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  • The Case for Going Slow in a Fast World

    Why is it that we still find ourselves with no time in a world where it is easier than ever to accomplish things quickly? We find ourselves busier than ever, working to squeeze every minute out of the day.

    We live in a world of artificial intelligence, automation, electric wine openers, and of course, Amazon Prime. It has never been so easy or quick to find the answer to a question. Our expectations for companies, each other, and ourselves have picked up in speed.

    In one sense, it is not surprising that we try our best to keep up. Our society and Western cultural systems emphasize and reward speed and productivity. In the United States, workers are noted for not only receiving less paid vacation than other countries, but also we are less likely to use our allotted vacation time.

    We bend ourselves into pretzels for reinforcement and praise that may come in the form of money, accolades, likes, and followers. We are social animals, and our role and status within groups are essential. For our species, community and cooperation are critical for survival. Producing more can provide us with a sense of importance and of contribution to our community, whether at home, at work, or with friends.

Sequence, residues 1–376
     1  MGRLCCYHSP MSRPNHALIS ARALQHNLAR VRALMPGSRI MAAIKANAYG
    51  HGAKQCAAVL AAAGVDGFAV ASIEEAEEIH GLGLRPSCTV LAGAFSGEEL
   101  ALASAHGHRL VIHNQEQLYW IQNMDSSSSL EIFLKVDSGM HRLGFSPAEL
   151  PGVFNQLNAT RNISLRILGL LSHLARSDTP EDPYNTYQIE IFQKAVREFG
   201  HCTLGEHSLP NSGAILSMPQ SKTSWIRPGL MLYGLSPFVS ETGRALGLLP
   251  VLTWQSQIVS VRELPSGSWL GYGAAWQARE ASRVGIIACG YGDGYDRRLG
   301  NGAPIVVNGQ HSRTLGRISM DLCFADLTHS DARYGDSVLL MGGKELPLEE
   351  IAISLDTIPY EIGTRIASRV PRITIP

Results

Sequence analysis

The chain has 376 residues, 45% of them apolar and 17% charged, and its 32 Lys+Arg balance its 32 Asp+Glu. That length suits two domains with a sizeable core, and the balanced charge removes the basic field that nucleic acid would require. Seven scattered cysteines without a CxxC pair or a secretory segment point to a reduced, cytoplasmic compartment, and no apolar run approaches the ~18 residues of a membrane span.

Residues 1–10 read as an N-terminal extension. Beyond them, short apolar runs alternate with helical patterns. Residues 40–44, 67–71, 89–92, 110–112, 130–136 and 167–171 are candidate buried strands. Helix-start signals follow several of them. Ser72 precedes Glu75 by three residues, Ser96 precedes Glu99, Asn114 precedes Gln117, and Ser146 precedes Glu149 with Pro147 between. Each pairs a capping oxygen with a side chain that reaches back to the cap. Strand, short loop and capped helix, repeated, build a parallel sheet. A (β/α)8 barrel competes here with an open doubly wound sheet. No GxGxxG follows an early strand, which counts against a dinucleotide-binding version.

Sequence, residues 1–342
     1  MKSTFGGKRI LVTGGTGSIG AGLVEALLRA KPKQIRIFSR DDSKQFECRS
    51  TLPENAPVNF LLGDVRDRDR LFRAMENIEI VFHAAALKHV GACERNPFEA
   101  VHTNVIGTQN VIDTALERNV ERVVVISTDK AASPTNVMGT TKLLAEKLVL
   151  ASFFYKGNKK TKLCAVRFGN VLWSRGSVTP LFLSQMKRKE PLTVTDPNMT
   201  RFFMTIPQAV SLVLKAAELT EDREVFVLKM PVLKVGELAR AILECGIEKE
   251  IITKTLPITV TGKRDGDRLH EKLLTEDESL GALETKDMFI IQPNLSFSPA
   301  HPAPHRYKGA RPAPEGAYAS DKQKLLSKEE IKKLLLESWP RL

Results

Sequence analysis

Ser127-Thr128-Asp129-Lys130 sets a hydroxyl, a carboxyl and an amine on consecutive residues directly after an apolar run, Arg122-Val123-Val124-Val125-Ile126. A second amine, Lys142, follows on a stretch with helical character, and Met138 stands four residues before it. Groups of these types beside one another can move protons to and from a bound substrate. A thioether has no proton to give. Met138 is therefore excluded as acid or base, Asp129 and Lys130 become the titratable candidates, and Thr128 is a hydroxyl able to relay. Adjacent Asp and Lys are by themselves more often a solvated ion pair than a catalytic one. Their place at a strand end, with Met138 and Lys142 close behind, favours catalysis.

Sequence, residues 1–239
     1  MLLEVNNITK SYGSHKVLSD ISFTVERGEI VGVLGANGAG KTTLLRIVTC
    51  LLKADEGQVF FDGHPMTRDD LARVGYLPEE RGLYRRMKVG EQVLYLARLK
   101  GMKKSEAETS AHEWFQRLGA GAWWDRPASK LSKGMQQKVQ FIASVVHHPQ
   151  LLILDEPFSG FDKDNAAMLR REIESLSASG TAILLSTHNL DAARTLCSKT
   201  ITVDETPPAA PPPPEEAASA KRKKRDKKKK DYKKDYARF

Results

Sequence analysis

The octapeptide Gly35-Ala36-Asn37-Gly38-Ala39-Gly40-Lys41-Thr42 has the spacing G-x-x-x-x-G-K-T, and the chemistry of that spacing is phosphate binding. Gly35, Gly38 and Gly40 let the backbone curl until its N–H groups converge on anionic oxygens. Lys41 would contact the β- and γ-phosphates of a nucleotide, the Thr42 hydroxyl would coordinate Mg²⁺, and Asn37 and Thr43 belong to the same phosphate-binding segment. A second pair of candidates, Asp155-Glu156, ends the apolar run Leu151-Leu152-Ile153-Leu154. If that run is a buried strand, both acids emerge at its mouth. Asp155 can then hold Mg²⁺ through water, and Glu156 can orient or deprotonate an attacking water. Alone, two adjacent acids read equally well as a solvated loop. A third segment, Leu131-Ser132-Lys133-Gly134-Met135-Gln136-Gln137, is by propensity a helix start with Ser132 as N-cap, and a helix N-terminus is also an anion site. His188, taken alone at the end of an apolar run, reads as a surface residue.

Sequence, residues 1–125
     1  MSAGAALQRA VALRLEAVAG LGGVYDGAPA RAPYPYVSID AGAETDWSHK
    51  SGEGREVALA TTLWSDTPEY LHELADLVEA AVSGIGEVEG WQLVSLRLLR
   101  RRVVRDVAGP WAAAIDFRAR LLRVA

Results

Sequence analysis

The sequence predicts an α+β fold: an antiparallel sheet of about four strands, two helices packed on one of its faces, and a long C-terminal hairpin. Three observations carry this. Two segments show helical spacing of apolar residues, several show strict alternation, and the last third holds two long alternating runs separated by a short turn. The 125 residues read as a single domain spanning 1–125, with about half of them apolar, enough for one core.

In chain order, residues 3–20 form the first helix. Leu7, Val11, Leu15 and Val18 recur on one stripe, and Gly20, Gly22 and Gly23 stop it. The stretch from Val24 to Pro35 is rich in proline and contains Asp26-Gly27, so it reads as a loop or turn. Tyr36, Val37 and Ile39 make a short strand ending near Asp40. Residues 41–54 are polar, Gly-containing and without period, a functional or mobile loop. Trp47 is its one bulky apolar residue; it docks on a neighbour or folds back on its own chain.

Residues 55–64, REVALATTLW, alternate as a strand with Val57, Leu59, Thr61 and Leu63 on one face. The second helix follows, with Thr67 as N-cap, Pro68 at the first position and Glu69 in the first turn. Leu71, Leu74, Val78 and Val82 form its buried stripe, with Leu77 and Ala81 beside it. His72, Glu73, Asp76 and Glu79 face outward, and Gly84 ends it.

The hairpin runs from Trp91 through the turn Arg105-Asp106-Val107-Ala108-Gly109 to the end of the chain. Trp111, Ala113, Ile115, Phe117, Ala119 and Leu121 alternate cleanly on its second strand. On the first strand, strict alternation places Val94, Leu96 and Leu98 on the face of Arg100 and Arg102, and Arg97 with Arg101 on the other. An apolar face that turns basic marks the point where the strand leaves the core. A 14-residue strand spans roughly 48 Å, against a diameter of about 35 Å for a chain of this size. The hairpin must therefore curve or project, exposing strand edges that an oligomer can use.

There are many articles, tips, and workshops to increase our efficiency, encouraging us to produce more. This is alluring. If we could accomplish more, would we feel that we are getting more out of life? Would we be worry-free? Would we cross an illusory finish line?

    Relentless seeking to do more may actually have the opposite effect. Moving through life quickly, we teach our bodies, minds, and nervous systems to be continually focusing on the next thing, and we miss what exists, the present moment.

    For some, slowing down can be very difficult. It may elicit emotions that we have long avoided, and allow these to come to the forefront of our attention. If this is the case for you, remember that you are not alone in this experience. You may find it helpful to work with a therapist when starting to find time to slow down.

    If this article has resonated in some way, here are some ways to slow downtime:

    • Take time to intentionally move slowly. This can take the form of mindful walkingor washing the dishes.
    • When we find ourselves waiting in lines, on a walk, or sitting at our desks for a few minutes (don’t tell your employer), we have an opportunity to let our minds do their thing– to wander! An added benefit of letting our minds wander is that it may actually improve our working memory.
    • Engage in breathwork.
    • Listen to music. Choose a song and listen “between the notes,” notice the lyrics, the beat, the pitch of the singers. Let your body adjust to the tempo.
    • Take a compassionate touch break.
    • Stop and smell the roses. Use your senses. Tune into them. Focus on one sense at a time.

    If you find yourselves around children, you may have noticed a pattern to this list. Children are experts at many of the bullet points listed above. The secret to slowing down may be learning from our little ones, how to move to the music, to focus on each step, and to find wonder in the smell and color of the flowers.